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The Industry’s Voice No.3

13 August 2008

Outsourcing – the debate warms up
The provision of public services on increasingly limited budgets is at the heart of the political debate, and according the BSA’s Mark Fox, the DeAnne Julius report puts the case for outsourcing

The UK outsourcing industry is a major driver of the UK economy, across every region of the country. It delivers choice, innovation and diversity. These are the talents and the attributes that will help see it through the increasingly tough economic and political environments. The BSA, as the industry’s principal representative body, is well placed to argue the case for light regulation and competitive taxation with the Government and in Parliament. This work is even more important in the tough economic times arguably than it is in the good times.

In recent weeks the BSA has played a leading role in the drawing up of the DeAnne Julius review of the Public Service Industry, commissioned by BERR Secretary of State John Hutton, and the publication of the Joint Statement on Access to Skills. We welcomed the findings of the review which praised the role of the industry in delivering the full range of public sector services. It outlined ways to improve engagements with
the private sector and encouraged a broader role for the industry.

One of the BSA’s principal roles is the champion the benefits of outsourcing across the private and public sectors. The industry plays a crucial role ion keeping the economy flexible and dynamic and the Julius Review provides many new and good reasons why the industry’s role in delivering public services needs to be deepened and broadened.

Worryingly, however, the review was given a cool reception by the trade unions and in recent weeks union
leaders have renewed their calls for a slowing down of government outsourcing. The BSA is committed to positive and constructive relations with the unions, as evidenced by our participation in the Public Services Forum, but they will not inhibit us from energetically championing the real contribution the industry makes to creating employment, providing skills and training and improving productivity.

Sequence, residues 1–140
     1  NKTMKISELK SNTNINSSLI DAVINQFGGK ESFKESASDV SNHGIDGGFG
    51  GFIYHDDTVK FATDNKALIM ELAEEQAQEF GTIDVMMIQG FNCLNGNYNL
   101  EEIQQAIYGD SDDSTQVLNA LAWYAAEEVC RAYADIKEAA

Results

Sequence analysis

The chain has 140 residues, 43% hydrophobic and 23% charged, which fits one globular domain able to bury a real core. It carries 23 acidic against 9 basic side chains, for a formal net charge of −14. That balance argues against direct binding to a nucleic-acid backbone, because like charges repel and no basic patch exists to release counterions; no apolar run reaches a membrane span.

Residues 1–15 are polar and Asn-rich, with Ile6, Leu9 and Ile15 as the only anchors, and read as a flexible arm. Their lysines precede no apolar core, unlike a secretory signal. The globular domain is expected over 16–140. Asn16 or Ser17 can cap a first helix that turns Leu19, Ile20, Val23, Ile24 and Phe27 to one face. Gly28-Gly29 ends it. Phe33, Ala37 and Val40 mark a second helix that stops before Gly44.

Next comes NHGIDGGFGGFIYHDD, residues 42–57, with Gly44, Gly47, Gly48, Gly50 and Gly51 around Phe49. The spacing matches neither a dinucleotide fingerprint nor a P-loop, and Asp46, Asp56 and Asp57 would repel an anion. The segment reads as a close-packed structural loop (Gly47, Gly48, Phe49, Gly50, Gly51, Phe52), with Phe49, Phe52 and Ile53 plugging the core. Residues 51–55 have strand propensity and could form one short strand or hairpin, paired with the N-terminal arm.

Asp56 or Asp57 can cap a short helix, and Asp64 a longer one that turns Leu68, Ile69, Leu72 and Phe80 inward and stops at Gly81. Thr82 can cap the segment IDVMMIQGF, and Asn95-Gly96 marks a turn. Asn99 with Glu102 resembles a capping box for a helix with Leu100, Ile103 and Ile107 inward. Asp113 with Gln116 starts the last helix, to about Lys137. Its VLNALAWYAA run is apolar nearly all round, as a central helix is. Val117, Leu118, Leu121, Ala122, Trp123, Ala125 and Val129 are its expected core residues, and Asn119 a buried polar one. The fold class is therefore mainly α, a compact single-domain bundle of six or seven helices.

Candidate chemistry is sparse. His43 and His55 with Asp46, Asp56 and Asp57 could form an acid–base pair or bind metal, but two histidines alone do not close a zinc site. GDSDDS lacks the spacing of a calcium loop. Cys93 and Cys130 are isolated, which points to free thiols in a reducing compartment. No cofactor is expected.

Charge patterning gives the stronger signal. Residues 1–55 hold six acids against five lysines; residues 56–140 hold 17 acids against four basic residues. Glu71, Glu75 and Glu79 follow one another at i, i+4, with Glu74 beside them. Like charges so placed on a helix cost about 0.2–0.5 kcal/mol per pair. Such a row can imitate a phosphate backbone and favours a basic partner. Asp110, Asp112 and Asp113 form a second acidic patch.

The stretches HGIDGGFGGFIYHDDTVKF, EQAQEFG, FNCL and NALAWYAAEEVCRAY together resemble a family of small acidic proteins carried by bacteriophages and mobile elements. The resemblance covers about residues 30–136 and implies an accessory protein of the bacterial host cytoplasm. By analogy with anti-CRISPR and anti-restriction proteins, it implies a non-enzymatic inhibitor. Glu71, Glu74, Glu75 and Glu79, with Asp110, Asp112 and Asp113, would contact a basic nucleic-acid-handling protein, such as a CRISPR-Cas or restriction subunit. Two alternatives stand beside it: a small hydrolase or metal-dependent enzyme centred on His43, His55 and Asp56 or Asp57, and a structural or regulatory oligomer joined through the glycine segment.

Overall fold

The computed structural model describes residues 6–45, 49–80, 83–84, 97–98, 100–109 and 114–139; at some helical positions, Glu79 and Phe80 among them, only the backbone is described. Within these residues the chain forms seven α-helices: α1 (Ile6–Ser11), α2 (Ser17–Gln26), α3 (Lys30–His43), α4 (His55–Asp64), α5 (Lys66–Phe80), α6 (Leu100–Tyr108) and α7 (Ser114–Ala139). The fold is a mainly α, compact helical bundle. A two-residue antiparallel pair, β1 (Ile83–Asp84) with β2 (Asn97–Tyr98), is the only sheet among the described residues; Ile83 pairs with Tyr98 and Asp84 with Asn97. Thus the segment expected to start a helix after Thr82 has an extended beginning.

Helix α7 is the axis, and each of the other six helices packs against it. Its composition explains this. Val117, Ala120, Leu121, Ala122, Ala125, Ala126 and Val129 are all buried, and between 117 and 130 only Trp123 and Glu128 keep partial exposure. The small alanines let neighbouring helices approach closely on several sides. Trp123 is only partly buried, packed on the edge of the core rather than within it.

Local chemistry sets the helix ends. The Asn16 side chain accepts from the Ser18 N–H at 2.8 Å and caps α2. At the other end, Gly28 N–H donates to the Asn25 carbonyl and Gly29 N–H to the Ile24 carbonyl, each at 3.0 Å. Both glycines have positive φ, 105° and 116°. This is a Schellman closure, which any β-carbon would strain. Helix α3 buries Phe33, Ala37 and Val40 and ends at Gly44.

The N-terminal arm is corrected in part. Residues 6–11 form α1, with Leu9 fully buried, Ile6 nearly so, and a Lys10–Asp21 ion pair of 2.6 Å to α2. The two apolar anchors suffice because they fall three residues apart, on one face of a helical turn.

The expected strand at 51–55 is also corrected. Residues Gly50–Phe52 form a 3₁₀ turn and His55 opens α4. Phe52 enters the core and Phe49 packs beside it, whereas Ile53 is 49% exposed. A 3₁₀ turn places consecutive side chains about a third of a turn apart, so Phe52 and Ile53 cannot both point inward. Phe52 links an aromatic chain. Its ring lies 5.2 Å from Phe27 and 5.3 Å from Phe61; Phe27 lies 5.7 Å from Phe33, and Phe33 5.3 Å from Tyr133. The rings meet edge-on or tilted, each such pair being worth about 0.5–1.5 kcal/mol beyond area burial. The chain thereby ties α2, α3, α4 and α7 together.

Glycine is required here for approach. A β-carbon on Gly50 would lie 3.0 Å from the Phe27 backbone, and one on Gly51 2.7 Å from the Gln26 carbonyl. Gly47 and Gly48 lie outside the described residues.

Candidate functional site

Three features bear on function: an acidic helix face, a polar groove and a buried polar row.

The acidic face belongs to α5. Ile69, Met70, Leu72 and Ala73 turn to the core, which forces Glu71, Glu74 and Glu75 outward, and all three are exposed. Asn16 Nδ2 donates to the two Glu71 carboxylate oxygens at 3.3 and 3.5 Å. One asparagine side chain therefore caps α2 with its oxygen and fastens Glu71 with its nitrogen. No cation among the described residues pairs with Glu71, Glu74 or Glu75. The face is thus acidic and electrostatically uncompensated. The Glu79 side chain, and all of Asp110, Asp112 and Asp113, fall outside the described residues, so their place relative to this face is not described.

The provision of public services on increasingly limited budgets is at the heart of the political debate and is set to be one of the dominating themes of the General Election, whenever it comes. Competing visions about how this can be done most effectively have been outlined in recent weeks by Gordon Brown and James Purnell for Labour, and Davids Cameron and Willetts for the Conservatives.

The stakes are high because at the centre of the debate is how a whole swathe of central and local government services should be delivered from education, health, defence through to environmental,
transport and welfare services. That is why John Hutton has asked DeAnne Julius to conduct a review of the Public Service Industry.

At the moment all the political parties agree that the private sector has an increasing role to play in delivering public services but there is little consensus on how it should do it. There is no agreement at all
between the parties about how the private sector’s involvement in public sector service delivery should be
characterised. The Government, led by John Hutton and his Special Advisor John Williams, have developed
the concept of the Public Service Industry. The Conservatives are deeply sceptical of the notion and talk
straightforwardly about outsourcing contracts to the private sector.

In the middle of this increasingly heated debate sits the UK outsourcing industry. The industry is the largest in the world, second only in size to the United States, and operates across the private as well as the public sector. The public sector part of the industry, of course, is the bit that grabs the headlines and interests politicians and policy makers.

The scale of the industry in the public sector alone is impressive:

● In 2007/8 its revenues totaled £79bn, generating £45bn in value added and employing over 1.2 million people.

● Add indirect growth and employment the PSI contributes £88bn of value added to the GDP and supports
2.3 million jobs.

Over the period up top and through the next General Election the BSA and the industry have to negotiate our
way through an increasingly heated and fractious political debate. This task is increased by the very real economic challenges everyone is facing.

So this is an important time for the BSA and the industry – and it is an exciting one too. There are huge opportunities to explain the many positive aspects the industry brings across the private and public sectors. We will continue to work with policy makers and regulators to ensure the environment remains as competitive as possible and where necessary take on the critics to promote the value of what we offer.

● Mark Fox, is chief executive of the BSA – The Business Services Association

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